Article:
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By Tara Mitrovic

Hearing dogs are trained to support hard of hearing and deaf individuals by alerting them to sounds their handler cannot hear such as alarms, door knocking, doorbells, oven timers, handler’s name being called, approaching cars or people, and crying babies. Training is customizable such that  alerts can differ for each sound. For example, a hearing dog might respond to a doorbell alert by poking the handler with its nose and leading handler to door. If the phone rings, the dog could slap the handler with a paw and lead handler to the phone. Name call recognition could involve the dog spinning on the spot.

Getting a hearing dog is not easy. In Canada, there are only two “program trained” service dog providers: PADS in BC and Lions Club in Ontario. There is a 2+ year wait for a program dog and so you must be patient! Another option is owner training (made easier with the assistance of a private trainer). You need solid dog training skills, great patience and must know a bit about what you need your dog to help you with. Alternatively, you could pay a private trainer to train a dog for you; however, the general price range for this is $5000 -$10000+, which does not include the cost of the dog!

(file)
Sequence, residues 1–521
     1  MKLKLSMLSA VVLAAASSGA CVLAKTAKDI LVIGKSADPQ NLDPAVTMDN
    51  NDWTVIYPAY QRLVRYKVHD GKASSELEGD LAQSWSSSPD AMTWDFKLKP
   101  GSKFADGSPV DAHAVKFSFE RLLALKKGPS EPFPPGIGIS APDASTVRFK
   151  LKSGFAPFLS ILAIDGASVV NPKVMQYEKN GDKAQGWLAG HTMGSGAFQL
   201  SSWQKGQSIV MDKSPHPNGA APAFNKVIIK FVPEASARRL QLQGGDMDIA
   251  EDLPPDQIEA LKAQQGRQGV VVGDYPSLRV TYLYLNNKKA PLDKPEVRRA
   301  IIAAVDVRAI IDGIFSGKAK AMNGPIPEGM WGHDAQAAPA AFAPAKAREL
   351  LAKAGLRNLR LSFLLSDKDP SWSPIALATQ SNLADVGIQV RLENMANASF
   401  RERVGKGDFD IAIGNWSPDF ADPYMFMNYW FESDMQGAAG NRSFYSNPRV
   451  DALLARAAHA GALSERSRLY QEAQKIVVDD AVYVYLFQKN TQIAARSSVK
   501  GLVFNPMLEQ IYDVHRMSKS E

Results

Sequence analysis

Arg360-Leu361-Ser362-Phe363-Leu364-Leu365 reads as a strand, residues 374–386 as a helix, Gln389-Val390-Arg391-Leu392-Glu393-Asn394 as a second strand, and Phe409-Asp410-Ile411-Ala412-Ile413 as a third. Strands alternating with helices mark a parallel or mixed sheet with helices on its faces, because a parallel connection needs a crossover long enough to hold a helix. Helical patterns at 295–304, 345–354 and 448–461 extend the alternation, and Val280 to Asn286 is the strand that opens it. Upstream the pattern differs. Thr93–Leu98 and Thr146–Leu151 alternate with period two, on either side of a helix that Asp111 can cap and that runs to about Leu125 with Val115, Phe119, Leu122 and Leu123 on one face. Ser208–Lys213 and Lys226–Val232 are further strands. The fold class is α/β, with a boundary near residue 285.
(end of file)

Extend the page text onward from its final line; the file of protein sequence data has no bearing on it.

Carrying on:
While having a hearing dog to support your needs is great, you have responsibilities to care for the dog just as any normal dog. They must be fed and watered and given bathroom breaks, mental stimulation, and affection. You must constantly upkeep your hearing dog’s training weekly – if not daily – or your hearing dog will lose its skills, and require retraining.

In public, using a service dog automatically brings undesired attention, but they are staring at the dog, not you! Service dog rules and regulations are not identical in each province of Canada; however, persons with disabilities and their accommodation needs are protected by the Canadian Human Rights Act and the Canadian Charter. Regardless of how the dog was trained, there is ignorance, discrimination, and access issues that arise from time to time. The handler must always be prepared to advocate for themselves, educate others, and stand up for their rights. When service dog teams are out in public they are constantly exposed to poorly behaved humans. These humans distract working service dogs by whistling and making gestures to attract the dog’s attention. Some also walk up to the dog, pet it without consent, and then walk away. These behaviours put the service dog user at risk as it distracts the dog from their job.

Hearing dogs are unlike any other service dog: 80% of selected hearing dogs fail to complete their training. The complex mix of a high working drive and correct temperament requires a highly motivated and energetic dog that is calm and obedient for public accessibility. Typical service dog breeds are not always a sure bet either, so each dog needs to be assessed on an individual basis at multiple stages during its training to ensure the dog is the correct fit for the job. Hearing dogs come in all shapes and sizes from a tiny Chihuahua to a massive Great Dane!